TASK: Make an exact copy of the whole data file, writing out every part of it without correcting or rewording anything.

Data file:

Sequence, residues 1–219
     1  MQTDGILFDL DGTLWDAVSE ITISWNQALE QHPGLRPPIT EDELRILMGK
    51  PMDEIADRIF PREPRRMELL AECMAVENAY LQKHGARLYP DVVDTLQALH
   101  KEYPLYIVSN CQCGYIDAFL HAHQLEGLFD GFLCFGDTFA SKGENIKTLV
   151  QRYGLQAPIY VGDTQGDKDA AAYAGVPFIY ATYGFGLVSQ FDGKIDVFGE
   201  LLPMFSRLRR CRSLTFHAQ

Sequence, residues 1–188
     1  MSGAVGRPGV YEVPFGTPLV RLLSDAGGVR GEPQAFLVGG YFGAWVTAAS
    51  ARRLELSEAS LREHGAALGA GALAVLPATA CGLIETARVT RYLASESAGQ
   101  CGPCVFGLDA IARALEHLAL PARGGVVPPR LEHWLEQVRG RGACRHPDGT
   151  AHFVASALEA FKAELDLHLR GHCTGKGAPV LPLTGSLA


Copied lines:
Sequence, residues 1–219
     1  MQTDGILFDL DGTLWDAVSE ITISWNQALE QHPGLRPPIT EDELRILMGK
    51  PMDEIADRIF PREPRRMELL AECMAVENAY LQKHGARLYP DVVDTLQALH
   101  KEYPLYIVSN CQCGYIDAFL HAHQLEGLFD GFLCFGDTFA SKGENIKTLV
   151  QRYGLQAPIY VGDTQGDKDA AAYAGVPFIY ATYGFGLVSQ FDGKIDVFGE
   201  LLPMFSRLRR CRSLTFHAQ

Sequence, residues 1–188
     1  MSGAVGRPGV YEVPFGTPLV RLLSDAGGVR GEPQAFLVGG YFGAWVTAAS
    51  ARRLELSEAS LREHGAALGA GALAVLPATA CGLIETARVT RYLASESAGQ
   101  CGPCVFGLDA IARALEHLAL PARGGVVPPR LEHWLEQVRG RGACRHPDGT
   151  AHFVASALEA FKAELDLHLR GHCTGKGAPV LPLTGSLA